Book Review: On re-reading One for the Money by Janet Evanovich

One for the Money (Stephanie Plum, #1) My book club is discussing One for the Money by Janet Evanovich this month, the first book in the wildly popular Stephanie Plum series which is being made into a movie (finally) at the end of the month, starring Katherine Heigl.

Here’s a description of the book from Goodreads.com:

Welcome to Trenton, New Jersey, home to wiseguys, average Joes, and Stephanie Plum, who sports a big attitude and even bigger money problems (since losing her job as a lingerie buyer for a department store). Stephanie needs cash–fast–but times are tough, and soon she’s forced to turn to the last resort of the truly desperate: family.

Stephanie lands a gig at her sleazy cousin Vinnie’s bail bonding company. She’s got no experience. But that doesn’t matter. Neither does the fact that the bail jumper in question is local vice cop Joe Morelli. From the time he first looked up her dress to the time he first got into her pants to the time Steph hit him with her father’s Buick, M-o-r-e-l-l-i has spelled t-r-o-u-b-l-e. And now the hot guy is in hot water–wanted for murder.

Abject poverty is a great motivator for learning new skills, but being trained in the school of hard knocks by people like psycho prizefighter Benito Ramirez isn’t. Still, if Stephanie can nab Morelli in a week, she’ll make a cool ten grand. All she has to do is become an expert bounty hunter overnight–and keep herself from getting killed before she gets her man.

The Plum books are a favorite guilty pleasure of mine. I’ve been reading them for years and always enjoy sinking my teeth into the newest edition, though for the past couple of years I’ve had a harder time keeping up. I think I’m three books behind now, mostly because my list of books I want to read keeps getting more and more intimidating.

Anyway, I was thrilled when my book club voted for this book because having already read it, I was pretty sure I could breeze through a re-reading and that it would give me more time to get through other books, too. Plus any opportunity to debate the Ranger vs Morelli thing is a-okay by me (who needs Edward or Jacob when you can have either of these fine men?). But I was a little worried about how re-reading this book would go. Would I be able to get into it? What if, much like trying to reread The Babysitters Club books, I enjoyed it less this time around?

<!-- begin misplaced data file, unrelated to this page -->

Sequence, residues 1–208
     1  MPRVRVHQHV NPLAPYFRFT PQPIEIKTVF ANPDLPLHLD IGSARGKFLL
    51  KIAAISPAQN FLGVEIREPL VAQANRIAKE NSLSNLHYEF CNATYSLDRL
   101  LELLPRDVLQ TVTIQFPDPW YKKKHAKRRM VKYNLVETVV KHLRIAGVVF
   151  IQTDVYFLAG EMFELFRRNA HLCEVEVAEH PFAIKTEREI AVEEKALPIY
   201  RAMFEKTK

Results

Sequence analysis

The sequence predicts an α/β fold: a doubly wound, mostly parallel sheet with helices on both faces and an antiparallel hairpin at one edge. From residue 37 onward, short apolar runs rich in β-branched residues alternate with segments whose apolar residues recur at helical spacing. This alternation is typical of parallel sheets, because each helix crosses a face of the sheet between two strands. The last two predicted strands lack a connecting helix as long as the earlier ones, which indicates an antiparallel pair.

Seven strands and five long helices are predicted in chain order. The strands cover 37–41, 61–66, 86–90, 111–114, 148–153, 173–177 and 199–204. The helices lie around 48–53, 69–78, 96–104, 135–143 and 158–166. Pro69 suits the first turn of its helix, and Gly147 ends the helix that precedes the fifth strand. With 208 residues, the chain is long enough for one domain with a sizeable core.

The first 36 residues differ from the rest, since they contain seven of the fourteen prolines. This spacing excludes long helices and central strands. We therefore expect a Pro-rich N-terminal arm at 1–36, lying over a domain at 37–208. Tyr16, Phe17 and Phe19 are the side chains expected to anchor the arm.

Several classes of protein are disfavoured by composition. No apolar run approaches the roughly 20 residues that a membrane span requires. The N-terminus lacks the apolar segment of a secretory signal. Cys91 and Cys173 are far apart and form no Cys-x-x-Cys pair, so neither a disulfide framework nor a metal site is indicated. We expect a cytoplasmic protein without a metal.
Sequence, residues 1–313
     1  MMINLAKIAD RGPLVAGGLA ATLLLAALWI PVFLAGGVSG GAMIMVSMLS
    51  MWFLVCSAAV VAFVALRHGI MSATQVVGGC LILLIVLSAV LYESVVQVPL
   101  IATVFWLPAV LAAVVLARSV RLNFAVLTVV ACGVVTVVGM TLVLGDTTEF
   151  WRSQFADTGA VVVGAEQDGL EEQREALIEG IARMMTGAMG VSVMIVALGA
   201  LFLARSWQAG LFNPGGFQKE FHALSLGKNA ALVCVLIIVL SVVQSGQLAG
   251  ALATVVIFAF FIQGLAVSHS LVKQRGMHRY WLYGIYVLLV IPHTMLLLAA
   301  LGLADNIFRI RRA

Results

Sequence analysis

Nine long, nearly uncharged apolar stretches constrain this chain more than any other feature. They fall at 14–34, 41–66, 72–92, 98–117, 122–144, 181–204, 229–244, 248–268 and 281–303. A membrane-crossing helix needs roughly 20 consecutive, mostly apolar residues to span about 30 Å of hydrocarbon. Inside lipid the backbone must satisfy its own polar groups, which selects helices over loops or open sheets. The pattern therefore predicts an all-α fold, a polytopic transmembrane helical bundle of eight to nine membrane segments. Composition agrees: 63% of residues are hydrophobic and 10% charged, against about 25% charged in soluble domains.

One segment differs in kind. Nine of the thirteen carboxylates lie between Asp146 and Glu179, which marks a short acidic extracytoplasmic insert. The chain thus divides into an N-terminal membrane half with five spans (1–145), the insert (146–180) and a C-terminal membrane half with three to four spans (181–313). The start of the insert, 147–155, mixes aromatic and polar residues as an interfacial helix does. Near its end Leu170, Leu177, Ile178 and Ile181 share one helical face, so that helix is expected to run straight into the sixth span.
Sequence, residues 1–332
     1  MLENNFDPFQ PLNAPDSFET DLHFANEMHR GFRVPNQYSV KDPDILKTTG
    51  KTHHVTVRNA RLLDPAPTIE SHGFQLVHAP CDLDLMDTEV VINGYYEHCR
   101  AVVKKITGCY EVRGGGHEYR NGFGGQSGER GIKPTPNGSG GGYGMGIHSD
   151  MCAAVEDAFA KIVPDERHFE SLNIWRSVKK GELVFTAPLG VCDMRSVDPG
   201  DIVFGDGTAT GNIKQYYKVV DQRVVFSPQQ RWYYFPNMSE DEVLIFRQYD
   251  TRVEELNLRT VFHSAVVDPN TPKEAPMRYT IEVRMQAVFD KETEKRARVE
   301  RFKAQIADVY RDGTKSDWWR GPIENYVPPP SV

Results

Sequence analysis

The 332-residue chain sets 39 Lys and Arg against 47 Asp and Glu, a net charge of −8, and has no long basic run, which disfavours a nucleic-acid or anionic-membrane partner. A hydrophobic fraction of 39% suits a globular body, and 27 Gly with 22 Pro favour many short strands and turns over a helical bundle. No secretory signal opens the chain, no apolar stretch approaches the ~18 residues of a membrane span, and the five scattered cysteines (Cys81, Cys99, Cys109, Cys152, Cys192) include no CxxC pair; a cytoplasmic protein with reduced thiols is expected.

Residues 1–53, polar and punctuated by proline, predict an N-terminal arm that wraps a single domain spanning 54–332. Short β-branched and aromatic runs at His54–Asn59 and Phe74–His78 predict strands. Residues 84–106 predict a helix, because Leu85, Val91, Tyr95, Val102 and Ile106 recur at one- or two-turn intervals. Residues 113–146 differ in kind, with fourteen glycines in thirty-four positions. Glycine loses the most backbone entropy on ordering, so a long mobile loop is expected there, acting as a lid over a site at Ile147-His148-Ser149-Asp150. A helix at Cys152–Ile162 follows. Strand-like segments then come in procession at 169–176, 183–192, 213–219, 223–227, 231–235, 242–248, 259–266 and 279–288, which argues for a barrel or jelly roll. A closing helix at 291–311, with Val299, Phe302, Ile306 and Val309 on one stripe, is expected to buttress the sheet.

Well, ten days later or so and I can say – these books are worth re-reading. One for the Money was every bit as good this time around as the first and the plot was just hazy enough in my mind that it was easy to re-read and not feel like a walking spoiler alert. I even forgot most of the details of the end of this one it turns out! And I’m so glad to have brushed up on the story now before seeing the movie so that I can expertly critique it!

Some thoughts:

When I first heard that Katherine Heigl was playing Stephanie I was a little bit skeptical. She simply isn’t how I pictured Stephanie Plum, even with her hair dyed. But I re-read the book while picturing Katie as the main role and I have to say, it works. I think she’ll pull it off really well.

I think we can all agree that the Plum books are a light read – they aren’t classically well written and some of the snootier book critics probably wouldn’t give them the time of day. I thought about this a lot, too, while reading it – what is it about these books that appeals so much?

These are not the best written books of all time, but I think they are cleverly written – with witty dialogue and loveable (if at times dense) characters that you’ll want to root for. I’ve always liked Stephanie Plum because I feel I can relate to her normality – she’s not extraordinary or blessed with super powers or years of training, which I guess makes me feel like I could find myself in her situation – like I could be a bounty hunter, too! Though I’ll skip the spandex shorts and baggy t-shirts, thanks!

I also think these books are a great light mystery – they are suspenseful but they aren’t going to keep me awake at night checking all the locks on my windows. They are only half predictable in that you might gather the idea of what’s going on and whodunnit, but you probably won’t get the whole picture before Evanovich wants you to. So you can feel clever without feeling bored.

These books may not be for everyone – I think Prose readers might not be into it in particular, but I’m definitely more in love with the series than ever and really looking forward to finally seeing it on the big screen!